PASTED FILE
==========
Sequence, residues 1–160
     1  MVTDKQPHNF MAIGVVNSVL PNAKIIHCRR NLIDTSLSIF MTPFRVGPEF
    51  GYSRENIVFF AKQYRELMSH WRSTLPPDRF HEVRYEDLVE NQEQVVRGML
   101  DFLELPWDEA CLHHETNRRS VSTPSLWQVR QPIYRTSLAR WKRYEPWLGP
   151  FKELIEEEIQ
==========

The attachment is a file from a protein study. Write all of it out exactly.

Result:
Sequence, residues 1–160
     1  MVTDKQPHNF MAIGVVNSVL PNAKIIHCRR NLIDTSLSIF MTPFRVGPEF
    51  GYSRENIVFF AKQYRELMSH WRSTLPPDRF HEVRYEDLVE NQEQVVRGML
   101  DFLELPWDEA CLHHETNRRS VSTPSLWQVR QPIYRTSLAR WKRYEPWLGP
   151  FKELIEEEIQ